That Can’t Be True! – Writing a Tall Tales Speech
Prepared by Bev Phillips DTM
A tall tale is a story with exaggerated untrue elements told as if it were true.
Toastmasters Tall Tales Contest
- 3 to 5 minutes +/- 30 seconds
- Original content
- Everyone can participate except District Officers
- Use lots of humour and exaggeration.
- Begin with a 10- 20 second intro.
- Have an easy-to-follow plot – buildup, twists, climax.
- Describe clearly and vividly – paint verbal pictures.
- End with a good conclusion that ties up the story.
- Experiment with repeated phrases or gestures, and unusual movements or sounds (but don’t lose the element of surprise).
- Remember – tell a story.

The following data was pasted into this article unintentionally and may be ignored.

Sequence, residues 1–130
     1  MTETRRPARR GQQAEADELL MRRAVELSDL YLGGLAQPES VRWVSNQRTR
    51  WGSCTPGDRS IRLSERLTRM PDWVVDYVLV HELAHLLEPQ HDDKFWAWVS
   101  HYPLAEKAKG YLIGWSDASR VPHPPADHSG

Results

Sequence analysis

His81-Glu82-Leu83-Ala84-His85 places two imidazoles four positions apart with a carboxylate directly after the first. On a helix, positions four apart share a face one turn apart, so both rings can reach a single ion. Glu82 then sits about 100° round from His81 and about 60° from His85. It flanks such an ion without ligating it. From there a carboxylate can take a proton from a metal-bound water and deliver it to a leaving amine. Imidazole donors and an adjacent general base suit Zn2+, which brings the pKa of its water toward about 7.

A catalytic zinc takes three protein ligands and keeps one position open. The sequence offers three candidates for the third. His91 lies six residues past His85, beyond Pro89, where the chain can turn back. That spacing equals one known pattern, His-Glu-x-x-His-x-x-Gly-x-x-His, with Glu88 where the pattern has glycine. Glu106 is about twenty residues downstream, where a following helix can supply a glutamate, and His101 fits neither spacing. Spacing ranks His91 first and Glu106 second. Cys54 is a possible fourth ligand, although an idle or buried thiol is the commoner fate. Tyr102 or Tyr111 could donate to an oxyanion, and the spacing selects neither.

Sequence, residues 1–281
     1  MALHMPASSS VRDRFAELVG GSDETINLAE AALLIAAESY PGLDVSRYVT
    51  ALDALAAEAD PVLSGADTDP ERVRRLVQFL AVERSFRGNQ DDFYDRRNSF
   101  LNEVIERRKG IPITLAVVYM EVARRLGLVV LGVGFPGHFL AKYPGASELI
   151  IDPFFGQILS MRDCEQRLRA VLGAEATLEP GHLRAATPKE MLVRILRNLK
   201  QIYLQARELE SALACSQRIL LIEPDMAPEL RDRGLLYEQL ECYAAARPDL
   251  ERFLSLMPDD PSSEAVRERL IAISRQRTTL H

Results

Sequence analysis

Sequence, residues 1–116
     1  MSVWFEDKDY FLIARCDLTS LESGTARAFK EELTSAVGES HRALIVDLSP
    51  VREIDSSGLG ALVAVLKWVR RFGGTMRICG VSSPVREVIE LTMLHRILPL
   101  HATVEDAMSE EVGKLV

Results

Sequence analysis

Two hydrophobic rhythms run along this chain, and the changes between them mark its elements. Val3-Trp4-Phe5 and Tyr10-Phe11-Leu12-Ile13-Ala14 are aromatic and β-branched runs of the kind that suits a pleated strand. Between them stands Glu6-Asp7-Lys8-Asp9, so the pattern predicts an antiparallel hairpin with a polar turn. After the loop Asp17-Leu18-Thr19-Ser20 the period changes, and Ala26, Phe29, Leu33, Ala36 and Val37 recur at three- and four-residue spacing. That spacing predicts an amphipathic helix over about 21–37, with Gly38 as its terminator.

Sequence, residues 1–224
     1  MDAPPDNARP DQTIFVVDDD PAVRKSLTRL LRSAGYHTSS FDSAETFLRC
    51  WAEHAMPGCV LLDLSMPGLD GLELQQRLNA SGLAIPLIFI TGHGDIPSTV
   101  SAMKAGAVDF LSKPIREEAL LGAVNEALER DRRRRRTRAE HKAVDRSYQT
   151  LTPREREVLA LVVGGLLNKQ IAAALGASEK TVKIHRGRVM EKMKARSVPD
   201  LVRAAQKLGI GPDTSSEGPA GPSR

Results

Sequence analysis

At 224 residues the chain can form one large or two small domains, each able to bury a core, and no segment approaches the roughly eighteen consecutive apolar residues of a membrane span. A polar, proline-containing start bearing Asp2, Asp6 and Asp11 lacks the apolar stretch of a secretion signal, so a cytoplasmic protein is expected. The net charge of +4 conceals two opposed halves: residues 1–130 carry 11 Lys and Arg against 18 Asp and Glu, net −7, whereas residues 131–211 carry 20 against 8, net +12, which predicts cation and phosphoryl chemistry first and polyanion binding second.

Ways to prepare:
Do Tall Tales in Table Topics at your club: Give speakers an implausible event and describe it as if it were true, or choose quotations and use them as punch lines for tall tales.
Write five recent frustrating situations in your life (spilled coffee, clogged drain, missed bus) and make up tall tales to solve them.
Examples of Tall Tales
- Big Fish – 2003 movie directed by Tim Burton
- The Secret of Roan Inish – 1994 movie directed by John Sayles
- The Cremation of Sam McGee – 1907 poem by Robert W. Service
Thanks to “How to Tell Tall Tales” by Elizabeth Keogan, The Toastmaster magazine, August 2006